Love You Forever…

Twinsie and I were visiting our first chain bookstore, long before we heard of Borders and Barnes and Nobel.  We were shopping for Christmas on very limited budgets and time, and we wanted to get each of the children a book.

On one of those twirling racks I found this now famous children’s book.  Unbeknownst to me the magnitude of emotion that will play out, I began reading it aloud to twinsie — other parents came a little closer and when I got to the end, we literally were all in tears.  Every single book on the stand was bought that evening as we wiped tears from our faces and sniffled.  A bunch of strangers a few days before Christmas standing in line at check out, weeping and just wanting to get home to hold our babies.

The truth behind the story makes it even more the poignant:

As Mr. Munsch writes on his Web site:

“I made that up after my wife and I had two babies born dead. The song was my song to my dead babies. For a long time I had it in my head and I couldn’t even sing it because every time I tried to sing it I cried. It was very strange having a song in my head that I couldn’t sing.

For a long time it was just a song but one day, while telling stories at a big theatre at the University of Guelph, it occurred to me that I might be able to make a story around the song.

Out popped Love You Forever, pretty much the way it is in the book.”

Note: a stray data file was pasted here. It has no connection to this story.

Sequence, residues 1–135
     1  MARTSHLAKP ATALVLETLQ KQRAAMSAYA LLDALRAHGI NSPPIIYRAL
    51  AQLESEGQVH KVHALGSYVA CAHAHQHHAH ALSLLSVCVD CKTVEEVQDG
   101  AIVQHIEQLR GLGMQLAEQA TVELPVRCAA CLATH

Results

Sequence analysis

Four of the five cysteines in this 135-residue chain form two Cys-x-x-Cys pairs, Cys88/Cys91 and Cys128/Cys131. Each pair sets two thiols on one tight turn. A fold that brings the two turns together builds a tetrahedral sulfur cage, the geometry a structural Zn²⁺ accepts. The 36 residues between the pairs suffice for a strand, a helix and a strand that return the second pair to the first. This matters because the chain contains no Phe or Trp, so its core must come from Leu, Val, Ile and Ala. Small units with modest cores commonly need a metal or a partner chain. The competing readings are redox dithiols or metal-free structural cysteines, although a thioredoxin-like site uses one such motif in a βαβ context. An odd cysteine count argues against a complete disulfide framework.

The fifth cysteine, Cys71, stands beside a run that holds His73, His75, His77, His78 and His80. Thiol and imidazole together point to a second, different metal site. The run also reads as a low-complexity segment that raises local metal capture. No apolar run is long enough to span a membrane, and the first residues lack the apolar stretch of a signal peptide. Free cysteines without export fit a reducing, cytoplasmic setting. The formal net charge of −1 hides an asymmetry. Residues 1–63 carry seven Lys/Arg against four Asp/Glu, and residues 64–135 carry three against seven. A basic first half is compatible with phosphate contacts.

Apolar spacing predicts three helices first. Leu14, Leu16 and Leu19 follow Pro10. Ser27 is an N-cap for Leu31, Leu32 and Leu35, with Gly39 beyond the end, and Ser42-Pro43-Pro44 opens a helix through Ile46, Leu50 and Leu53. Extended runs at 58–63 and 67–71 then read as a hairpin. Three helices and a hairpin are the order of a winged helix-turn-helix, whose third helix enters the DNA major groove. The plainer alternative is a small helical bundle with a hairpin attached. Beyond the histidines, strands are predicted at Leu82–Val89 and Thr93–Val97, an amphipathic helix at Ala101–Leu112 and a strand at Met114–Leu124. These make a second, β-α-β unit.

Borne from pain, to bring the gift of love to thousands, maybe millions of families.  Old, young, in-between.

I read that book to my children many times, and it was often one they asked me to read to them because they knew in the end that I would cry, and it would send them into gales of laughter.  When they were able to read themselves, I had them read the end so that I could sit and sniffle in silence, as they squelched their desire to laugh.

I still have that original book, and I still read it now and then, as I “peek” into my son’s and daughter’s lives.  I still “hold” them in my arms just as I did when they were babies, gently rocking and singing to them, praying for them, and then putting them back to bed before they wake.  This is what mommas through the generations have done, no matter how far away that baby goes, in his heart or physically.  We mommas never stop being just that, their mommas.

“Sigh, sniffle, gulp” tears stream down my face still, as I think of my two children, and that one day, as we did for their grandfather and grammy, they will be holding us and singing to us.  I know this because this is what we taught them through example.  And this makes me cry just a bit harder.